Skip to main content

Grace's Corner of the World: The Different Things You Learn from Living in Another Country

A list of the many different things you learn from being from the U.S. and living overseas, completely surrounded by people from all over the world.
1.You learn to say “I like your trousers” instead of “I like your pants”
2.You learn to decode many different accents, including different forms of British, Irish, Thai, Korean, etc.
3.You learn that, in fact, America isn’t the only country on the planet.
4.You learn that, “America” isn’t actually the name of your country, and people from the Americas get offended when you refer to the United States as “America,” as if there are no other existing countries in the Americas
5.You learn that it is very difficult not to start sounding like the different accents around you
6.You learn of new television shows you’d never heard of
7.You learn that other countries are looking at America in horror, going, “What are they thinking?”
8.You learn, in response to their horror and previous question, to say the only truth there is, “I have no idea.”
9.You learn that, for the rest of the world, the biggest threat to security in the world is the United States
10.You learn that, apparently, you have a very thick “southern” accent
11.You learn that prejudice comes in all shapes and sizes, and is not limited to any one skin color, creed, or country
12.You learn that other countries do things differently (like trimming bushes with a machete, for example)
13.You learn that no matter where you are, nobody is content with who God made them to be
14.You learn to differentiate between foreign written languages
15.You learn to smile because it makes everyone happy
16.You learn that not everything is about you
17.You learn what it feels like to be the outcast
18.You learn to see the world in a different way
19.You learn just how big the world really is, when you step outside of your geography class and travel halfway around the world and meet people who have also traveled from faraway places
20.You learn just how small the world really is, when you realize that these people, with their different languages, skin colors and cultures, actually aren’t that different from you

Comments

Popular posts from this blog

Grace's Corner of the World: Why I Don't Write About MK Life

For those of you who don’t know, I am an MK (missionary kid). People tend to enjoy reading my posts about my life as a missionary, and are confused when I don’t write about that. After all – I’m a missionary! Why shouldn’t I write about my thrilling life living in a tropical climate spreading the word of Jesus? There’s only one answer for that, really: It’s not thrilling. Believe it or not, my life is no more exciting than yours. I spend my days doing school and trying not to die of the heat. Don’t believe me? I’ll give you a quick run-down of my day today. 1.Manage to get out of my bed and go downstairs; hopefully pretend to be awake enough to eat breakfast 2.Eat cereal and do devotions with family 3.Do some school 4.Take a nap 5.Do more school 6.Eat lunch 7.More school 8.Hide in my room some Wasn’t that just exciting? The thrilling life of an MK, right? Honestly, I’m here because God told me to come and support Dad as he spreads God’s word. I’m not doing any “missionarying,” I’m hanging out wi…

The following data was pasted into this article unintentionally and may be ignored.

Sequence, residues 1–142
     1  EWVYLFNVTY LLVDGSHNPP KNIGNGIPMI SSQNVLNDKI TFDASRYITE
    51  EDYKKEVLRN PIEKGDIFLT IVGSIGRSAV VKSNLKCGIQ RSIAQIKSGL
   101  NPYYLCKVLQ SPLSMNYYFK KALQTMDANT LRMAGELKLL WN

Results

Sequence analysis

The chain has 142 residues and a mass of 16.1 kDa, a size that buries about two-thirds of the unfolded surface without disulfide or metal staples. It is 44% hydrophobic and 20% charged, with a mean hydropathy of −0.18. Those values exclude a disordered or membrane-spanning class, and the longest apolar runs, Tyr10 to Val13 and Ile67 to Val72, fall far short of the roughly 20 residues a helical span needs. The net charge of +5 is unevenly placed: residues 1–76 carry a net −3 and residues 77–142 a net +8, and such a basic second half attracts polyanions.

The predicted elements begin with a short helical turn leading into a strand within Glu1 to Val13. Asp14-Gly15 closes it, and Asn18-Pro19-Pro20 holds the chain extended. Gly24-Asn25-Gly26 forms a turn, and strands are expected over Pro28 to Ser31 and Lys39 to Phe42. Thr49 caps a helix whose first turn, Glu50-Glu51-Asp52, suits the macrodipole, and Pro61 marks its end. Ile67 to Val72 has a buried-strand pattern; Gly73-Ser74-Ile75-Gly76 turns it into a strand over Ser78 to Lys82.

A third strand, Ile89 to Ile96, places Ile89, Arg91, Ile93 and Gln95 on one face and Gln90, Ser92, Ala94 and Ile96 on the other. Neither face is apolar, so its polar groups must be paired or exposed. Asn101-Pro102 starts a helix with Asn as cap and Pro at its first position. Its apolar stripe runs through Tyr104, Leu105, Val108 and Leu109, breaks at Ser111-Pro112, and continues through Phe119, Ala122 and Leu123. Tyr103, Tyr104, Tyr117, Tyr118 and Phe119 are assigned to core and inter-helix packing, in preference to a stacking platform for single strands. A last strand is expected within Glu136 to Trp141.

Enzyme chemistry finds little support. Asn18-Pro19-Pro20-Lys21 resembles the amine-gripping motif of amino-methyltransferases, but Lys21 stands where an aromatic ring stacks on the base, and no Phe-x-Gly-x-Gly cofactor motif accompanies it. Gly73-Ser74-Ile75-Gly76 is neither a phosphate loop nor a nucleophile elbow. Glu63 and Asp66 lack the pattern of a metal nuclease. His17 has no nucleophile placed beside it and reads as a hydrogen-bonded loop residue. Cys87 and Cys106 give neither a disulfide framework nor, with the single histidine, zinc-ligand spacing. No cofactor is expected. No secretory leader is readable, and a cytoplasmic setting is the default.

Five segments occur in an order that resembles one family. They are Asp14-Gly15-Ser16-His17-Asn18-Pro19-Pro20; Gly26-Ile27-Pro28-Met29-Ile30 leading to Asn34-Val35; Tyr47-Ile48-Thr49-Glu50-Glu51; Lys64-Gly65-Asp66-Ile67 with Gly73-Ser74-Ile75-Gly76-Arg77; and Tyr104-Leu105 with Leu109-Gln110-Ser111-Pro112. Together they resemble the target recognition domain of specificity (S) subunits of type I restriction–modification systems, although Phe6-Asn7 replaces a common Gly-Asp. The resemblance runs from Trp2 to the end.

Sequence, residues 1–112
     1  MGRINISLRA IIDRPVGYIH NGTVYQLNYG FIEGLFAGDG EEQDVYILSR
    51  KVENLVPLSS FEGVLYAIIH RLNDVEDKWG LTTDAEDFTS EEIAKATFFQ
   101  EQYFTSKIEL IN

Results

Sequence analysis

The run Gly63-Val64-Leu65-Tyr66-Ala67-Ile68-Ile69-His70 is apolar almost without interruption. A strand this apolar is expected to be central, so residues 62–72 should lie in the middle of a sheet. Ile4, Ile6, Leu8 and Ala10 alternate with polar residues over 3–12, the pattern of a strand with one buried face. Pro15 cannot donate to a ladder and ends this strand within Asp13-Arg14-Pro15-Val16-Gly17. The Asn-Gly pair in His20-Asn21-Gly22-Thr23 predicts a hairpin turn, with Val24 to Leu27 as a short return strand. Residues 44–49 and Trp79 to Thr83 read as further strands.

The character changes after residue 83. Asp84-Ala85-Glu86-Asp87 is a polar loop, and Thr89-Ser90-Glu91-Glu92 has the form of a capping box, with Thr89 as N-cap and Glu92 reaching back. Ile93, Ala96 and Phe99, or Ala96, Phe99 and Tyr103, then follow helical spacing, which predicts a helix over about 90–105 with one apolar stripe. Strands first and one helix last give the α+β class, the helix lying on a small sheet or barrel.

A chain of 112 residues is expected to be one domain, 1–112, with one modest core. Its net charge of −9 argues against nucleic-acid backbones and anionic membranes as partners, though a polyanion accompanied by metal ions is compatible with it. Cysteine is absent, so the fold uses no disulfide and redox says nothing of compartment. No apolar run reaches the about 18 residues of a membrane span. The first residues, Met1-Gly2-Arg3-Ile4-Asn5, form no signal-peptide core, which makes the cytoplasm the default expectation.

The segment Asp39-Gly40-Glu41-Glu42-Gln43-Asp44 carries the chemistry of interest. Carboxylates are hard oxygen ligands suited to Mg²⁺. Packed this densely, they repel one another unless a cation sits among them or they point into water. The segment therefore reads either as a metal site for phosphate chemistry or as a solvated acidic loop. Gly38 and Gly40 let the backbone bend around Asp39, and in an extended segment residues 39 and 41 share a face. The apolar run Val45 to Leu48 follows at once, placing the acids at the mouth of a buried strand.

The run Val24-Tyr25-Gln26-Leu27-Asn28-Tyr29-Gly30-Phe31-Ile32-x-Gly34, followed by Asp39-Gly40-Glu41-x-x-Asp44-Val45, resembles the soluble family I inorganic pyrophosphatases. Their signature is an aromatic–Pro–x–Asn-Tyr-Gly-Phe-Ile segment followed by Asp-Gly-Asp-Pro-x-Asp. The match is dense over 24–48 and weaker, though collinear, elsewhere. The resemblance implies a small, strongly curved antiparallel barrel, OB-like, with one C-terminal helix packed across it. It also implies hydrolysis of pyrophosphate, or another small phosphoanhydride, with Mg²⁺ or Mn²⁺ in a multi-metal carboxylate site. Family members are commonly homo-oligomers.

The Do's and Don'ts of Talking to MKs

When I returned to the States and talked to people living there, I discovered that people seemed very interested in what my family and I are doing, but they didn’t know what to ask so that they could figure out more about us. I’ve also learned that there are a few questions that should be avoided and others that I really enjoy answering. I thought I’d list some of them off for you so that you could know what to look out for, and what questions might be good conversation starters!
Don’t . . .
Ask me how it feels to be “back home.” I don’t even know how to answer this question. I have lived in Thailand for a little over two years now. Some of the toughest things that I have ever been through happened in this beautiful country. I have a lot of friends here. My house is here, and my family is here. So when you ask “How does it feel to be back home?” it can make me both confused and annoyed. Questions spin through my head, such as, “Um . . . I don’t know if I even am home,” and “Goodness, do…

Grace's Corner of the World: How, Lord?

The world seems much nicer at first glance than it does when you look deeper into it.
   It looks like a fairy tale when you first see it. It feels welcoming and loving when you're a child, and then the older you get the more you recognize the evil that inhabits it.    When I visited Thailand on our vision trip, I saw that evil for the first time in my life. I was around eleven.    I remember walking into the Buddhist temple, having left my shoes outside as they were not allowed to be worn indoors. I walked quietly over the cold marble floor through the dark room and lowered myself to the ground, looking around me in awe. I came as a tourist, but others came to worship.    What did they worship?    A green statue. The Emerald Buddha, it's called. All around me Thai people bowed low to the floor as medieval peasants would in front of a king, their hands palm-down on the floor in front of them in worship of an inanimate object that couldn't help them with any of their troubles or…